GOOD

A Working Class Hero Is Harder to Be

\r\nWhy aren't there more novels about America's workers?\r\nWhen I am looking for a smart discussion about literature in the books blogosphere, my...



Why aren't there more novels about America's workers?


When I am looking for a smart discussion about literature in the books blogosphere, my first stop is Mark Athitakis's American Fiction Notes. Earlier this week, Athitakis posted about an under-discussed topic in contemporary fiction, the role of class. In the brilliantly titled "The Grapes of Mild Outrage," Athitakis wonders why there are not more depictions of the working class in contemporary American fiction. As he writes:

Perhaps it's not so much that there's a shortage today of good writers with working-class backgrounds-there's a shortage of good writers from any background, after all-as a shortage of writing about work itself, and about what ‘working class' means today. Blame it on a hobbled American manufacturing base, or a fear that any writing about labor will become The Jungle; or, most likely, that work itself is a dull subject to write about. Regardless, American fiction about work is often fiction about finance and offices.

Athitakis notes some exceptions, including Stuart Dybek and Richard Price, and links to a great roundtable discussion by some notable authors from working-class backgrounds.

One the beauties of the blogosphere is that if you make a simple, smart observation like Athitakis has, one that follows the "Why are there so few X's in Y?" rhetorical template-you will garner examples of Xs in Ys. (Other examples of question that follow this model would include: Why are there so few women in Congress? Why are there so few movies about Jews directed by gentiles? Why are there so few low-fat doughnuts?)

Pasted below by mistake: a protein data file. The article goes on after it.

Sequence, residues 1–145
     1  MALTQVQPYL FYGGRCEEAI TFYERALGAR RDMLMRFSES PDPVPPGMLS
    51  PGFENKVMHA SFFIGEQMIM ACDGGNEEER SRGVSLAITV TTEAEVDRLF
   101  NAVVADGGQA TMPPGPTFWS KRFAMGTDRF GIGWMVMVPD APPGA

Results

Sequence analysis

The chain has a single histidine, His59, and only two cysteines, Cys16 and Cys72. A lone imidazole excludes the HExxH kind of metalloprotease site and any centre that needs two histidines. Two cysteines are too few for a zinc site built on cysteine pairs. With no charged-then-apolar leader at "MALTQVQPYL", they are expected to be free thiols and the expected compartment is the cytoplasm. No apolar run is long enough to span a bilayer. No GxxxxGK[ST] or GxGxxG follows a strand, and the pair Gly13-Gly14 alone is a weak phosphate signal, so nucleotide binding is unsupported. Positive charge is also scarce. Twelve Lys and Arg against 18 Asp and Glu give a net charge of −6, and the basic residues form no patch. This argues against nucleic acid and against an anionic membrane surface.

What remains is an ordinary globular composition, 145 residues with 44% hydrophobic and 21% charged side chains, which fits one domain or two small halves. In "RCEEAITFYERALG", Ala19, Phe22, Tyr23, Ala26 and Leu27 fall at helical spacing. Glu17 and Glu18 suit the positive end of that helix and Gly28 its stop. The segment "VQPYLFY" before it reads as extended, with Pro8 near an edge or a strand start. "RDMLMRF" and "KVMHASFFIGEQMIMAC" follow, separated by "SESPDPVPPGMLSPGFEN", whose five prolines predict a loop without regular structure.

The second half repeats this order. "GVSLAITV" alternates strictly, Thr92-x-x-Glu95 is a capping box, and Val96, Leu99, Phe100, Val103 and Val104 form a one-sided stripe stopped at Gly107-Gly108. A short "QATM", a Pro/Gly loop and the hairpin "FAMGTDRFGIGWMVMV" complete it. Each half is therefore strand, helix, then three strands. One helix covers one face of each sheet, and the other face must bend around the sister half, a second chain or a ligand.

A byproduct of pointing out a regrettable scarcity is a list of valuable resource. We turn the original question on its head, scratch our heads, roll the memory tape, and come up with items. Slowly, exceptions, which must be ancillary to the main issue-heck there are not enough books about working-class folks-get their moment in the sun. And thus without further ado (who could take it anymore?), here are three great recent novels depicting the contemporary American working class:

Last Night At the Lobster, Stewart O'Nan. Set in a Red Lobster about to close down during a gray, cold winter.

Knockemstiff, Donald Ray Pollock. An extraordinary book of stories about hard characters in a hardscrabble Appalachian town (Population: 0). The Cleveland Plain Dealer described it as a "great read about a bad place."

American Rust, Philipp Meyer. About-you guessed it-a run-down steel town, and two men trying to figure out whether to stay or skip town.

Uh oh. This list, darn it, only makes me ask another "why are there so few x's in y?" question. You guessed it: Why are there so few working class novels about or by women? We are back where we started, but that's okay.

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